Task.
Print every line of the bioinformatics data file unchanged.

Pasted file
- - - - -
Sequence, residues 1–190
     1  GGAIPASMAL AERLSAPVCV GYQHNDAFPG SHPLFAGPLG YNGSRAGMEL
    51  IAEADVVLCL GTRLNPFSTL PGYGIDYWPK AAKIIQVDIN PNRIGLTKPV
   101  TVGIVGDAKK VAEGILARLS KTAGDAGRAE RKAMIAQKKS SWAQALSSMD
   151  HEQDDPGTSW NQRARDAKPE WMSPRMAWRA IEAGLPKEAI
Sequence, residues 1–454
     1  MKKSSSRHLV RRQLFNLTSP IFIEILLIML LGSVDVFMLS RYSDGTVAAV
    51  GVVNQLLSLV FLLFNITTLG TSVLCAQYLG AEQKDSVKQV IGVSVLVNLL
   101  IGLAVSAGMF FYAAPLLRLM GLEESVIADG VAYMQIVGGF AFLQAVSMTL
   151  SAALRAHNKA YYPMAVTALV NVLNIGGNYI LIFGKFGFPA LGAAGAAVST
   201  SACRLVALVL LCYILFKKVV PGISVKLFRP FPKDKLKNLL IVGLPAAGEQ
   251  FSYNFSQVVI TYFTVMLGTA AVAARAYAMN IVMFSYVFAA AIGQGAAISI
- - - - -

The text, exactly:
Sequence, residues 1–190
     1  GGAIPASMAL AERLSAPVCV GYQHNDAFPG SHPLFAGPLG YNGSRAGMEL
    51  IAEADVVLCL GTRLNPFSTL PGYGIDYWPK AAKIIQVDIN PNRIGLTKPV
   101  TVGIVGDAKK VAEGILARLS KTAGDAGRAE RKAMIAQKKS SWAQALSSMD
   151  HEQDDPGTSW NQRARDAKPE WMSPRMAWRA IEAGLPKEAI
Sequence, residues 1–454
     1  MKKSSSRHLV RRQLFNLTSP IFIEILLIML LGSVDVFMLS RYSDGTVAAV
    51  GVVNQLLSLV FLLFNITTLG TSVLCAQYLG AEQKDSVKQV IGVSVLVNLL
   101  IGLAVSAGMF FYAAPLLRLM GLEESVIADG VAYMQIVGGF AFLQAVSMTL
   151  SAALRAHNKA YYPMAVTALV NVLNIGGNYI LIFGKFGFPA LGAAGAAVST
   201  SACRLVALVL LCYILFKKVV PGISVKLFRP FPKDKLKNLL IVGLPAAGEQ
   251  FSYNFSQVVI TYFTVMLGTA AVAARAYAMN IVMFSYVFAA AIGQGAAISI